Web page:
After more than a decade, a retired faculty member has reached a goal of raising $10,000 to endow a scholarship in honor of Bryan Belcher, a 1985 emergency medical care alumnus who was killed in an Army medic evacuation helicopter crash.
He was a student when I took the job at WCU in 1983, and he was definitely a leader in his class,” said Barbara Lovin, who guided WCU’s emergency medical care program – the first baccalaureate EMC program in the country – to national prominence. Lovin later became head of health sciences at WCU.
Belcher had helped found Epsilon Sigma Pi, a student organization for the emergency medical care program, and was the force behind the group’s fundraiser to sell Brunswick stew at Mountain Heritage Day.
“We would cook it over an open campfire all night long, and the students kept on that tradition after he graduated,” said Lovin. “I even remember doing it out in the rain one night.”
Lovin was in Cleveland visiting family in 1987 when she read that Belcher was one of the soldiers killed in a fatal medical helicopter crash not far from Fort Stewart in Georgia.
“The group that had graduated was very close and close to him, and I knew they would be devastated so I flew back immediately,” said Lovin.
She credited her husband, Cliff Lovin, now retired dean of arts and sciences at WCU, for the idea of starting the scholarship. “My husband and I have spent our career in higher education, and we believe anything we can do to support students is critical,” said Lovin. “Paramedics have to commute to their clinical sites, so, if nothing else, this scholarship can help relieve students’ financial burden even if it only paid for the gas.”
Initially, the Lovins agreed to match donations to the scholarship dollar-for-dollar, and since 2003 the scholarship has been awarded to two recipients each year. Meanwhile, Lovin and others such as Michael Hubble, professor and director of the emergency medical care program, have continued to give to increase the balance in the fund to the $10,000-level required to endow the scholarship.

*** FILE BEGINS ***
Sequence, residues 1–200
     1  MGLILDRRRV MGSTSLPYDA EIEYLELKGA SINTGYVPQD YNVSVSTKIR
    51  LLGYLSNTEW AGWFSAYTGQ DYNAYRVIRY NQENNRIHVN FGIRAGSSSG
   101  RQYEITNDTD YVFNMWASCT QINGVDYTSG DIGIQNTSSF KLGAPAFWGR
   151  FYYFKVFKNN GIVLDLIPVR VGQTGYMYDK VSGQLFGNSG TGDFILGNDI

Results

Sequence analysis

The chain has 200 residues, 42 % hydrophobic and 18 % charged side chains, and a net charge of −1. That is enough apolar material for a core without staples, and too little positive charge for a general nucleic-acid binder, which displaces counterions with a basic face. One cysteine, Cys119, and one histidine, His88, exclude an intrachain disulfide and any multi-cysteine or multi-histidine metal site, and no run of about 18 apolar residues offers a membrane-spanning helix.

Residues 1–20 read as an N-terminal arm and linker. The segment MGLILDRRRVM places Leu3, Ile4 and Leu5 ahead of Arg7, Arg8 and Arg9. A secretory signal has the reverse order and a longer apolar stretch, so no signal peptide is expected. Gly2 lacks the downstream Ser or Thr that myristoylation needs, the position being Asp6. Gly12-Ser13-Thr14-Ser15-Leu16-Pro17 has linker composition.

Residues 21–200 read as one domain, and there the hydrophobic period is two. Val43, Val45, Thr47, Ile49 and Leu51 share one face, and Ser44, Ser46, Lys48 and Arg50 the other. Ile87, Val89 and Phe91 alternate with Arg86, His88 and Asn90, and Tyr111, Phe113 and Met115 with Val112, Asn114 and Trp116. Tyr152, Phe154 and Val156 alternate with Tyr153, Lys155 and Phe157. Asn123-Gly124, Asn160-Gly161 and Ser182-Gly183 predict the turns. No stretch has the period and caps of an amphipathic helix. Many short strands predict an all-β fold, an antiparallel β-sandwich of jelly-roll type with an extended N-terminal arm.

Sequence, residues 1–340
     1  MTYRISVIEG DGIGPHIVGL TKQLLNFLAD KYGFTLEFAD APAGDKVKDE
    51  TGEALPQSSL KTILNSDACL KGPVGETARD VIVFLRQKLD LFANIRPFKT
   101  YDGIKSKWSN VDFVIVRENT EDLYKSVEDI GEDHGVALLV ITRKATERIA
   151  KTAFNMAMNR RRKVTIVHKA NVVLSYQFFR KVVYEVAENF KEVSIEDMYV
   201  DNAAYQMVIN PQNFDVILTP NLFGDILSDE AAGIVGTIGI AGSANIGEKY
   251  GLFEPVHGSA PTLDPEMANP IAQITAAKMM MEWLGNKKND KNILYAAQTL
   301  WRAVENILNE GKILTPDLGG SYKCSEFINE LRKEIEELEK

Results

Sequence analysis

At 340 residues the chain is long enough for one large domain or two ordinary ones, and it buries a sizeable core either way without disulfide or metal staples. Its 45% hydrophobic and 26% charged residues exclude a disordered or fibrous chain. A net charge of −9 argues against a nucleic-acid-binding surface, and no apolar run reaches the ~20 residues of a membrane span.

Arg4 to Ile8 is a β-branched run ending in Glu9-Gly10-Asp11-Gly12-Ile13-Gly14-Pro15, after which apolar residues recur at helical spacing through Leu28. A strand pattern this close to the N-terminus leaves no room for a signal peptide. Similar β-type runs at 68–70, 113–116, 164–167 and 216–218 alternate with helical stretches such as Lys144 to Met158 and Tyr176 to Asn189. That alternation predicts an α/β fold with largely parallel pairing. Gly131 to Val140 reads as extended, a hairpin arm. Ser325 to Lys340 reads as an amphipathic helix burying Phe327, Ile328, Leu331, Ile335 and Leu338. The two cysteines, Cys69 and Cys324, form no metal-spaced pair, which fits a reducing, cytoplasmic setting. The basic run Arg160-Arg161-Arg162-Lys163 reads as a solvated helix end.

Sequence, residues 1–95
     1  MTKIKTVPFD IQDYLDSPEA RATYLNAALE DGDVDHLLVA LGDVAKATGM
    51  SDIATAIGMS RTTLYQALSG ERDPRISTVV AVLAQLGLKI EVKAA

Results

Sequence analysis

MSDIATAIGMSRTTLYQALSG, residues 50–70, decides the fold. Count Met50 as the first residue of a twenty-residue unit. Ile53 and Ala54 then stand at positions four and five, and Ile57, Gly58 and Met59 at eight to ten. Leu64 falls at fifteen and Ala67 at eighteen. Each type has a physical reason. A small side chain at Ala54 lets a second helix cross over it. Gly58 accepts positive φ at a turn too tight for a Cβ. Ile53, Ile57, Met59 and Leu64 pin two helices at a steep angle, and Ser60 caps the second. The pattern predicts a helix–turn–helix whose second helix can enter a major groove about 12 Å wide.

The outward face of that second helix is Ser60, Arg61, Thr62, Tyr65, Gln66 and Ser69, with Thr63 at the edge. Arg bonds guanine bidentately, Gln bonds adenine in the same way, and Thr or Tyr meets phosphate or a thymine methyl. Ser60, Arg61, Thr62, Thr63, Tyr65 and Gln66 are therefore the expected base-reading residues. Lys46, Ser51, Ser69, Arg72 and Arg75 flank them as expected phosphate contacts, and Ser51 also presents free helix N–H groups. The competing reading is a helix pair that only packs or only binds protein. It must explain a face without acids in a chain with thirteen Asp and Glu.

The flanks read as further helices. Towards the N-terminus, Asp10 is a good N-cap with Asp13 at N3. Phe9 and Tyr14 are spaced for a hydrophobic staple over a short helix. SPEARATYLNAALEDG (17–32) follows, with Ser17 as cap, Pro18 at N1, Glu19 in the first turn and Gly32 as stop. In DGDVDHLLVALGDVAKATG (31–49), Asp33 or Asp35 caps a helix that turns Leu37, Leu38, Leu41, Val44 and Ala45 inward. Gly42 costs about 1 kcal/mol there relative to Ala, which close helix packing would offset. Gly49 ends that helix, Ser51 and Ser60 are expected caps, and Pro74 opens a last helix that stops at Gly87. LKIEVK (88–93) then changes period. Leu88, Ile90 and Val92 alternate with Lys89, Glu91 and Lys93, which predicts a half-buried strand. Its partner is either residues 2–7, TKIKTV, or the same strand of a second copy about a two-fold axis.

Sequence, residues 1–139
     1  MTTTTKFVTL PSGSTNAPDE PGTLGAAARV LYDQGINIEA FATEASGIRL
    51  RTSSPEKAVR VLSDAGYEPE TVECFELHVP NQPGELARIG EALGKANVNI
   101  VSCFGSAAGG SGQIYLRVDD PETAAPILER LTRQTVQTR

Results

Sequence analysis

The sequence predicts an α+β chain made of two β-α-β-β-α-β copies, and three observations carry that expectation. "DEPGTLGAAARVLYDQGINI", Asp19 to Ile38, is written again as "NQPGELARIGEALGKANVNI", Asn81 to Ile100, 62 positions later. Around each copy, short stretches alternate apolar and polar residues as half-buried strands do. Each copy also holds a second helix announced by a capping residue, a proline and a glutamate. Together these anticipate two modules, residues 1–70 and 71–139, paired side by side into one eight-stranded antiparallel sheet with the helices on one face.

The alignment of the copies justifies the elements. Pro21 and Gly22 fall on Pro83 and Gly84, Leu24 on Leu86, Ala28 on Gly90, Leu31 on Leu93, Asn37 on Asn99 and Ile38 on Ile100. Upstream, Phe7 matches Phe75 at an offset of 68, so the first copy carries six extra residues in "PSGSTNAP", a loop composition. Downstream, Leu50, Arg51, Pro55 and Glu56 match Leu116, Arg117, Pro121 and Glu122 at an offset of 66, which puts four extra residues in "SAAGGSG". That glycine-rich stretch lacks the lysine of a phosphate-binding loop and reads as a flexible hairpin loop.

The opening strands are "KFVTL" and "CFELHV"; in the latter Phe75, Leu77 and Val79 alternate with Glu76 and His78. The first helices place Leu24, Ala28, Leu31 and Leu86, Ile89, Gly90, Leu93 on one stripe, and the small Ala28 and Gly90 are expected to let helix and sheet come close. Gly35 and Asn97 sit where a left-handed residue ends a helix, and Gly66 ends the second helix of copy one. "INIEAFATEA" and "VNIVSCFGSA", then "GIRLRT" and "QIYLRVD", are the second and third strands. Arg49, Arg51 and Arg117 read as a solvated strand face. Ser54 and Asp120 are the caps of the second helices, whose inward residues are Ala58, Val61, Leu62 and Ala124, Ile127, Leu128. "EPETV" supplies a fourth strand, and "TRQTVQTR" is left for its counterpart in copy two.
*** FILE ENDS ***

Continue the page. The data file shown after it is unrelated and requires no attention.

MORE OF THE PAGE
“I have a dual motivation for supporting this fund: I want to support students who choose to attend WCU as EMC majors, and I also want to honor Dr. Lovin, who has been an incredible colleague, mentor and leader of the EMS profession,” said Hubble. “She has touched the lives of countless numbers of paramedic students, and by extension, their patients, through her teaching, scholarship and professional service.”
When the fund neared the $10,000 threshold, Lovin called WCU’s Office of Development and made a gift to achieve the goal. All of the paperwork was recently completed to finalize endowing the scholarship.
Amanda R. Rogers, one of its most recent recipients, had worked as a phlebotomist and basic CPR and lifeguard instructor before deciding after the birth of her daughter to pursue a career in emergency medical care. “Emergency medicine is everything I have ever wanted to do in health care,” said Rogers, who earned her bachelor’s degree in 2011 and is currently pursuing a master’s degree in health sciences at WCU.
“To be able to do this job, there is an honor that must be kept to be the patient’s advocate, to be trustworthy in their home, with their family, and most importantly with their life,” said Rogers. “It is this honesty to calling, pureness of need and focus to purpose that brought me to this field. It is the ability to be soft and offer support where it is appropriate, as well as be hard and give advice in teachable moments, that draws me in and keeps me close. It is this realness, this genuine honesty that is the honor of my life to be able to take part in. This is the standard I try to hold as a paramedic, a representative from Western Carolina and recipient of such an honorable scholarship.”
To make a donation to the scholarship fund, or to find out more about giving opportunities, visit give.wcu.edu.